Opinion
Somalia needs bit of patience
Publish Date: May 05, 2012
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By Paddy Ankunda

Many like Safi a Omar, a resident of Mogadishu will tell you that bombing Somalia’s national theatre on April 4, had robbed her country of a brief sense that things were getting better.

Safi a vented out her frustration in a brief interview with Reuters hours after a suicide bomber killed six people in Mogadishu. This kind of frustration is understandable. Safi a, like many other Somalis, is not confident that the current government will deliver on its promises to restore durable peace and stability.

For those of us who work in Mogadishu and have seen progressively, the improving situation in the country since 2007 can only ask Safi a for more patience. Mogadishu is more peaceful today than it has been in the last 20 years.

However, such attacks are a reminder to the Transitional Federal Government and AMISOM that it is not over yet. While the insurgents were forced out of Mogadishu last August, a number of them melted into the population bent on instilling fear through suicide attacks.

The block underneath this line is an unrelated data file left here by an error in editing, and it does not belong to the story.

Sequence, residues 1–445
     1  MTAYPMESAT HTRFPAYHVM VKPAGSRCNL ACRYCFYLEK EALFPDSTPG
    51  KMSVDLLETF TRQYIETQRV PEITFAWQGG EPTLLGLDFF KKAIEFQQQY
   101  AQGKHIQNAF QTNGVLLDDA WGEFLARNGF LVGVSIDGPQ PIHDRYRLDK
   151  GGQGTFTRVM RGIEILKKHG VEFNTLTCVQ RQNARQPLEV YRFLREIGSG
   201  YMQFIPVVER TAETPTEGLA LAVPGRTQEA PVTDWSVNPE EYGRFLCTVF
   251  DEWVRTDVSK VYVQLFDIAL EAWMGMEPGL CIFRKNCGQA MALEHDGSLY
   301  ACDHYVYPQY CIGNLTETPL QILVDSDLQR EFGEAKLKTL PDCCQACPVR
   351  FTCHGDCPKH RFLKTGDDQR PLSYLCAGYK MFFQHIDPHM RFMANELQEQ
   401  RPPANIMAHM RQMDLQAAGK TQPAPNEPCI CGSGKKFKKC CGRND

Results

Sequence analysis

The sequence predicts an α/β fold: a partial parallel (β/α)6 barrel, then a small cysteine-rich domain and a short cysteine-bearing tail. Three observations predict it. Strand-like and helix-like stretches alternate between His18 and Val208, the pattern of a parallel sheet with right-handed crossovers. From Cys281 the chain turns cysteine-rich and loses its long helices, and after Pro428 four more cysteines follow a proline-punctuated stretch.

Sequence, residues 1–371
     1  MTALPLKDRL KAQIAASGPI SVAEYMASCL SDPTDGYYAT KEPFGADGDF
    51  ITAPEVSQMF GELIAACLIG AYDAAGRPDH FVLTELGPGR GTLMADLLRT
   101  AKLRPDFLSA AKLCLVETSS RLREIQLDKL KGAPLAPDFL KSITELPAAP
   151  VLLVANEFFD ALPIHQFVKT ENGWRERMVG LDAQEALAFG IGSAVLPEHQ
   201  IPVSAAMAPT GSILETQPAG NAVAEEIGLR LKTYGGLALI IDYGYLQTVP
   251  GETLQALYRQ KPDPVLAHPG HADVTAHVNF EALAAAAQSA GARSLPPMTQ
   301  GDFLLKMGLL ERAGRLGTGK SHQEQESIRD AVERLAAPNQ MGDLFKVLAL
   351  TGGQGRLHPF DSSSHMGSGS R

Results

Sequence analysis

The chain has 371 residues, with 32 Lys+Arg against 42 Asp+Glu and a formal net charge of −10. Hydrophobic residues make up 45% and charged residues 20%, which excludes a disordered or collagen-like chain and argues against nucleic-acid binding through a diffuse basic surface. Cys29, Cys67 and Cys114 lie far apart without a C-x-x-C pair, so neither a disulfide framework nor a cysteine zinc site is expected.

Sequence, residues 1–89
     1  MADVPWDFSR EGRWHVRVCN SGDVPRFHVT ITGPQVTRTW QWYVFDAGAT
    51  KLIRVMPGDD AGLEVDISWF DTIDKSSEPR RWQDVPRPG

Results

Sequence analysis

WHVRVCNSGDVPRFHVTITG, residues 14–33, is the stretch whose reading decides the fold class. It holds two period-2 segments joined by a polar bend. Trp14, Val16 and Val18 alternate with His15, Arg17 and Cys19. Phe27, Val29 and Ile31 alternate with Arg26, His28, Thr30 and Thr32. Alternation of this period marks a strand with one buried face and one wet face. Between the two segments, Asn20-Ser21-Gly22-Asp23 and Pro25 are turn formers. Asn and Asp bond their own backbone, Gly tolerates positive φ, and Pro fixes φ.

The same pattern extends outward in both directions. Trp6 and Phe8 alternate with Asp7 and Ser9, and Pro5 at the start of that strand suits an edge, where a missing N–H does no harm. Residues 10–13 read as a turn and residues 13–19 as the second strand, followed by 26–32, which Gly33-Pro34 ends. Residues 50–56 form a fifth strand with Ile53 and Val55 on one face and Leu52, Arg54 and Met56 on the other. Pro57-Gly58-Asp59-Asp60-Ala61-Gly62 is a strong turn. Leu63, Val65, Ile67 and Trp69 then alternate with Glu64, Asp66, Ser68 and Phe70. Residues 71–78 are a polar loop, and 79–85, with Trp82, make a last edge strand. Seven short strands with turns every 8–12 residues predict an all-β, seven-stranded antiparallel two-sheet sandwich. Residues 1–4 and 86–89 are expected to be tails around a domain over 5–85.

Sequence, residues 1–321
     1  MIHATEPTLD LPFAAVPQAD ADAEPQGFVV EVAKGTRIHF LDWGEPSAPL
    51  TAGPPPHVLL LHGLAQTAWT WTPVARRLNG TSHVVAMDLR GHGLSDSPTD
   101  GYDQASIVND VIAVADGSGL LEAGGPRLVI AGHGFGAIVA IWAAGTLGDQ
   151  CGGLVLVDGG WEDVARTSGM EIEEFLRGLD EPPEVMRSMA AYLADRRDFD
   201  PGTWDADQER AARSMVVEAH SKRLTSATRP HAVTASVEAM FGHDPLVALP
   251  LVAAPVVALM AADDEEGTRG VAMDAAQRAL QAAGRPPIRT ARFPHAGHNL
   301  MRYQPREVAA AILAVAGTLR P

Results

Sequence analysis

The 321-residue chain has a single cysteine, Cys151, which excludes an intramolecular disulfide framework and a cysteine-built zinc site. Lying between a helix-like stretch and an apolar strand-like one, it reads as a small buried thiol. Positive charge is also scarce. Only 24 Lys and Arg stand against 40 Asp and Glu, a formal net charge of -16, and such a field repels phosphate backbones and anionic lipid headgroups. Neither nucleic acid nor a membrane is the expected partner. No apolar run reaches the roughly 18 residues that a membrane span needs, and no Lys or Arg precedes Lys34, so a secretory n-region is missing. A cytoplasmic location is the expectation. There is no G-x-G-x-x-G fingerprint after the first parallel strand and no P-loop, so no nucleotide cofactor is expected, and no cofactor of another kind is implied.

This calls for extra vigilance not only on the part of the government but also on the population as a whole.
Not once, not twice, the terrorists have demonstrated their ability to sneak through the lines and attack civilians in areas under our control.

This calls for a rethinking of our internal security strategies in liberated areas. That they were forced out of Mogadishu was a clear demonstration by Allied forces that Al Shabaab can be defeated and this momentum must not be lost. President Sheikh Sharif rightly stated that the group’s increasing recourse to suicide attacks was a sign of their growing weakness.

While this may be true, attacks on innocent civilians are also a test of the government’s ability to protect its people.

As AMISOM continues to expand into the countryside, the government must continue to demonstrate its capacity to protect civilians in towns and villages. That way, civilians will gain confidence in the government’s resolve to change the course of history.

Already, AMISOM has deployed 100 soldiers to Baidoa, the advance party of the 2,500 soldiers expected to be deployed by April.

AMISOM’s Kenyan troops are deployed in the south; and this expansion is expected to deliver more military success. As such, time has come for the Somali government to integrate military objectives into an overall political strategy.
 
The writer is the AMISOM Force spokesman in Mogadishu

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